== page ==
The Yays and Nays: Our Week 6 Fantasy Football Projections, Top Plays and DFS Picks
We’re deep enough into the NFL season to take stock of the big picture and see if we can identify some interesting patterns.
Here are six numbers that help explain some of the early season fantasy football trends, starting with the top overall player in PPR points through five weeks.
That’s how many touches (carries and receptions) Derrick Henry has received so far. To put that in perspective, he has more touches than the entire running back position from… 27 other teams!
Spelled out another way, if you combined all the touches from Christian McCaffrey, Chuba Hubbard, Royce Freeman and Rodney Smith, the Carolina Panthers running backs have 154.
It’s a shocking number. It also explains exactly why Henry is the No. 1 fantasy player to this point. Henry is only averaging 0.86 fantasy points per touch. Austin Ekeler, the No. 2 PPR running back, is averaging 1.33 fantasy points per touch. Henry will only remain the top guy in fantasy footall if he continues to receive a stunning amount of volume.
That’s how many passing yards Tom Brady was on pace for through five weeks. How does a quarterback with limited mobility begin Week 6 as QB1? How about by throwing for 350 yards per game and not having an interception since Week 1.
Yes, this would be an NFL record for passing yards. By a lot. It’s not going to continue. Brady threw for 297 yards in the Tampa Bay Buccaneers’ win over the Philadelphia Eagles on Thursday night, and now he is on pace for 5,848. He also threw an interception. Unless Brady continues to throw for an outrageous number of yards, he will likely be overtaken for QB1 at the end of the year by…
That’s how many more passing yards Lamar Jackson has than… Patrick Mahomes. That total is in addition to Jackson being on pace to rush for over 1,000 yards for the third straight season. The overall yardage output is so overwhelming that Jackson is QB3 on the year despite only accounting for 10 touchdowns.
Mahomes is QB2 on the back of 17 touchdowns. If Jackson’s touchdowns ever pick up, watch out. He could challenge his stunning fantasy output from 2019.
Loyal readers might guess that this number is here to depict Jakobi Meyers’ career touchdowns. While that’s unfortunately still accurate, in this case, we’re highlighting the total number of touchdowns this season from Arizona Cardinals running back Chase Edmonds.
Despite being 18th in the NFL rushing yards and fourth among running backs in receptions, he’s the only RB in the top 25 in PPR fantasy points without a touchdown. Edmonds just needs a few touchdowns the rest of the way to potentially challenge a top-10 finish this season in an extremely fantasy friendly offense.
That’s how many PPR points the Cleveland Browns running back duo of Nick Chubb and Kareem Hunt have combined for. If we just pretended this player was Nick Hunt or Kareem Chubb, not only would they be the top overall player in fantasy this season, they’d have 41.7 points more than Henry.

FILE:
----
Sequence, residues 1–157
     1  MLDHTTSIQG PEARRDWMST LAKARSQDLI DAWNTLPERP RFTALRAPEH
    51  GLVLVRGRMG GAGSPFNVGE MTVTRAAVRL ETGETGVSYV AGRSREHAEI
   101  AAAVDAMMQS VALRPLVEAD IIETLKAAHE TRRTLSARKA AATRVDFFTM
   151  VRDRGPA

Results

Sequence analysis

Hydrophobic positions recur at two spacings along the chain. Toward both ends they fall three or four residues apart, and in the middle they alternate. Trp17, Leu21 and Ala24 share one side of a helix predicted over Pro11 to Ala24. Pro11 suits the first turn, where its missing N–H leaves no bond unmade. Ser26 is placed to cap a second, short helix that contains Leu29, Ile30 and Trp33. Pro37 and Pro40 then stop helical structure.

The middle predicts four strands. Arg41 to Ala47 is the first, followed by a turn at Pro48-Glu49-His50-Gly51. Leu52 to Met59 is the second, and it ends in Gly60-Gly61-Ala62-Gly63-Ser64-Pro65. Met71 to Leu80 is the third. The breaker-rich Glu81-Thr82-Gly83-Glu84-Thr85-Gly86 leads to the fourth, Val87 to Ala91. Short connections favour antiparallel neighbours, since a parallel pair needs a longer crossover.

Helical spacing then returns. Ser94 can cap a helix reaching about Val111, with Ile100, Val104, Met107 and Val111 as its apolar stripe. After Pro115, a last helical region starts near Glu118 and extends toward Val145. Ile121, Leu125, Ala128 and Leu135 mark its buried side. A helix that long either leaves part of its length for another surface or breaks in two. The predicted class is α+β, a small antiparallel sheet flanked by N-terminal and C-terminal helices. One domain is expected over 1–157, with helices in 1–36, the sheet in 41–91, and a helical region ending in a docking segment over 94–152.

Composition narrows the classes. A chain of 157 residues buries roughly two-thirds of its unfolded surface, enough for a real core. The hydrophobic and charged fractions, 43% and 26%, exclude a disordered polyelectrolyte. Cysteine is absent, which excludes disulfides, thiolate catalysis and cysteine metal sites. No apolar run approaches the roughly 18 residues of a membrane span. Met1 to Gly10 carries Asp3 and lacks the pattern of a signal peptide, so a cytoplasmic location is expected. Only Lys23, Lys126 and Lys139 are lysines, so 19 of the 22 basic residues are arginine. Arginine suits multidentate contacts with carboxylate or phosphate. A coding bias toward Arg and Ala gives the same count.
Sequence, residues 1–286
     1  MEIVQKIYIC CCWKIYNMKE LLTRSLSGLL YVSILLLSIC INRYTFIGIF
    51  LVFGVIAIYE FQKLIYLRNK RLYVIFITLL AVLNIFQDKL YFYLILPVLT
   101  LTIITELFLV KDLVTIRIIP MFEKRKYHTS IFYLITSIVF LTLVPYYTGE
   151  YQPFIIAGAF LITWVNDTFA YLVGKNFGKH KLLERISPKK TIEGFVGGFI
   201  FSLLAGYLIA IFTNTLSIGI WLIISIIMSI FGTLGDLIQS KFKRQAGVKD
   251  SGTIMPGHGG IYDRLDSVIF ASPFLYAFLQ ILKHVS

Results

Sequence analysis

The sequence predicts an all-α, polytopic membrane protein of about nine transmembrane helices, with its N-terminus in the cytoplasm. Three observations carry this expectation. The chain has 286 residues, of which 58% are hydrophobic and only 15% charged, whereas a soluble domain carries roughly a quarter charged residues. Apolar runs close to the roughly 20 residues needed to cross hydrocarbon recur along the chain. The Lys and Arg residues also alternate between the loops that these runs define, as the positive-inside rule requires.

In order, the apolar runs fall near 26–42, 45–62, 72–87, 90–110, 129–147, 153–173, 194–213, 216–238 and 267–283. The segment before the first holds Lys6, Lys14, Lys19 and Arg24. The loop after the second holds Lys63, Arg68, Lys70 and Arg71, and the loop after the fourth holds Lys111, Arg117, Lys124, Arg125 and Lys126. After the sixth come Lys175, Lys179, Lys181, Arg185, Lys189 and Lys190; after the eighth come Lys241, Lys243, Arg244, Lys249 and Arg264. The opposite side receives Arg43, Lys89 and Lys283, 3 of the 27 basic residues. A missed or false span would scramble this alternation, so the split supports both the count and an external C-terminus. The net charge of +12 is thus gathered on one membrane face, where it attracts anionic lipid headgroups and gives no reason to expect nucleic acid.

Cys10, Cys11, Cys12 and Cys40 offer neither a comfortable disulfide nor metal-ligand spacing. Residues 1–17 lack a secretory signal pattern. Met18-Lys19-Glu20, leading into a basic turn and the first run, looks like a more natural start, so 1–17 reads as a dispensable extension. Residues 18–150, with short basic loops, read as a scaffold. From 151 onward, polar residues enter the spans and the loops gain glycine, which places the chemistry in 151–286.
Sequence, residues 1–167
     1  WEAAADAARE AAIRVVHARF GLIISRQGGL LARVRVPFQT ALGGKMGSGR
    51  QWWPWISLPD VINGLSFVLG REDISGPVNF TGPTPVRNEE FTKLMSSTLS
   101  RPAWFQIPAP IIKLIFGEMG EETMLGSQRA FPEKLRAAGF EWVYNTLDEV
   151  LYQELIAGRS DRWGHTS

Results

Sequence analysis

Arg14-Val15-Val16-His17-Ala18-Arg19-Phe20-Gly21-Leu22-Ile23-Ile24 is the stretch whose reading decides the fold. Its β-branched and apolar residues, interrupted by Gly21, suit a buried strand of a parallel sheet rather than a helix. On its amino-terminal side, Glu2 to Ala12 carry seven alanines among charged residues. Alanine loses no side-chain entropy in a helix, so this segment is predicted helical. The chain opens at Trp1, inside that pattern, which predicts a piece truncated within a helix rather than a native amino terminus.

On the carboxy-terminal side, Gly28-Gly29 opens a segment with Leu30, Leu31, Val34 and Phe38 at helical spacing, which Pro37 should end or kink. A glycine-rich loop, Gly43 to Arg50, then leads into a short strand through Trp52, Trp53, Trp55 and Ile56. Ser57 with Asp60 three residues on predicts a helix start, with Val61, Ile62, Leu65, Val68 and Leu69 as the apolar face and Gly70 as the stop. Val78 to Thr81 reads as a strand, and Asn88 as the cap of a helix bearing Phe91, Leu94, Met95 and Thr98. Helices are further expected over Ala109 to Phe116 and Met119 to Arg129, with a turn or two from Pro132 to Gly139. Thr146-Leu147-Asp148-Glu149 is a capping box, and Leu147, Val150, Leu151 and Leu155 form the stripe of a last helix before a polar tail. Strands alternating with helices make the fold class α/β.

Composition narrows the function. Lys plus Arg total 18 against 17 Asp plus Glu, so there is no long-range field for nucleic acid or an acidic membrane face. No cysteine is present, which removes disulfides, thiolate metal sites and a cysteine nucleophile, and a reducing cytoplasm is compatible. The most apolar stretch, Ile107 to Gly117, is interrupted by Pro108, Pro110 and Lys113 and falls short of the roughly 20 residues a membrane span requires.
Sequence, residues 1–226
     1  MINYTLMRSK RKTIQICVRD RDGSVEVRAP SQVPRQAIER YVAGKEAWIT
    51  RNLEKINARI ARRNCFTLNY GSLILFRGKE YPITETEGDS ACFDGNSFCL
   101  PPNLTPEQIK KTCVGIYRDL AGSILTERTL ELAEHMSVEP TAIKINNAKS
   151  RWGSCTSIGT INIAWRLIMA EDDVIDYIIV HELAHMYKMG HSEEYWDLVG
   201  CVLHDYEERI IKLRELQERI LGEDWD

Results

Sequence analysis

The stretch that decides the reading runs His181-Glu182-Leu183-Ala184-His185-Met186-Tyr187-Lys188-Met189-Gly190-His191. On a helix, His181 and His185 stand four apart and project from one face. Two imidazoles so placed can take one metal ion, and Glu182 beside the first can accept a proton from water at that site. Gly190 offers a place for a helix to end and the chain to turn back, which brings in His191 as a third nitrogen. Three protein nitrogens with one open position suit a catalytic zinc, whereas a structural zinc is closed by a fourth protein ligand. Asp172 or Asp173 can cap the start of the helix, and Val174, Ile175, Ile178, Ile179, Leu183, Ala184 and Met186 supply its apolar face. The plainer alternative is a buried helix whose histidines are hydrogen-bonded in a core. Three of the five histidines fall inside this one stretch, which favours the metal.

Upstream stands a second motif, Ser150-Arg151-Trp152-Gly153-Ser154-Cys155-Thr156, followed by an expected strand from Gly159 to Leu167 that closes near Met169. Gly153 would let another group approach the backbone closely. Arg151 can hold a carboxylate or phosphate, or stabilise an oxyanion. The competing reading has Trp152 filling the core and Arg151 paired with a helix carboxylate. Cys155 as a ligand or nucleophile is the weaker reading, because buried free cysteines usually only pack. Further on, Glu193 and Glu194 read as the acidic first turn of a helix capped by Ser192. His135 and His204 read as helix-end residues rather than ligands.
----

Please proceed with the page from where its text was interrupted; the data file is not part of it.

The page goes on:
Well this week, Hunt gets that opportunity. Chubb has been ruled out with a calf injury, making Hunt the solo act in the Cleveland backfield. And seeing as Hunt is first in the NFL in yards after contact per rush (Chubb is sixth – fifth among running backs), he is a strong candidate to finish among the top three running backs in Week 6.
Last year, they combined for 426.2 fantasy points. They finished as RBs 10 and 11. This year, Hunt is sixth and Chubb is 12th. This is two straight years of special production from the Cleveland backfield. No reason to think this won’t continue. They’re both in the running for a top-10 finish this year.
That’s how many targets Davante Adams is seeing per game. It’s the most since Julio Jones’ absurd 2015 season, when he finished with 136 receptions and 1,871 receiving yards on 12.7 targets per game.
Adams is WR4 because he’s only scored two touchdowns through five games. But he’s scored at least 10 touchdowns in four of his last five seasons. The touchdowns will come and with this type of opportunity, Adams is the best bet to finish as the top non-QB in fantasy this season.
As always, let’s jump around and evaluate some Week 6 projections gathered from some of the top data-driven projections available using several of our AI-powered models. We’ll get into some yays and nays before highlighting a few DFS value plays.
Note: The ranking to which we compare ours in this piece is the expert consensus ranking (ECR) from Fantasy Pros. These rankings update throughout the week. (We pulled these numbers from Friday.) Once again, we are using PPR unless noted otherwise.
Ben Roethlisberger, QB (PIT) vs. SEA (ECR: 22, Our Rank: 7): Roethlisberger? Really? Look, we get it. He scored 16.02 points against the Denver Broncos last week and it was his highest output of the season. As a result, he finished as QB18 in Week 5, which also happened to be his best weekly finish on the season. It’s been a real struggle.
But this is the week he gets to turn it around. He gets to play the Seattle Seahawks, who are one of three teams allowing 300 passing yards per game (305.6). Seattle has allowed at least 345 passing yards or three passing touchdowns in each of its last four weeks. And that works well for a Pittsburgh team that likes to throw the ball.
Big Ben ranks sixth in the NFL in passing attempts (195). With wide receivers who should be able to take advantage of a weak crop of Seahawks cornerbacks, look for Roethlisberger to finally score 20 points. He’s a top-10 play this week.
Josh Jacobs, RB (LV) vs. DEN (ECR: 16, Our Rank: 12): Last week, we said that even though Denver’s defense is strong, Najee Harris was likely to have a good week because of the volume he was going to get. Rinse and repeat, but substitute Jacobs for Harris.
In his first two games back from injury, Jacobs received 18 and 19 touches. In his last eight games in which he’s received at least 15 touches, Jacobs has averaged 17 fantasy points per game (16.99). And in his two games against the Vic-Fangio led Broncos defense last year, Jacobs notched 50.5 fantasy points.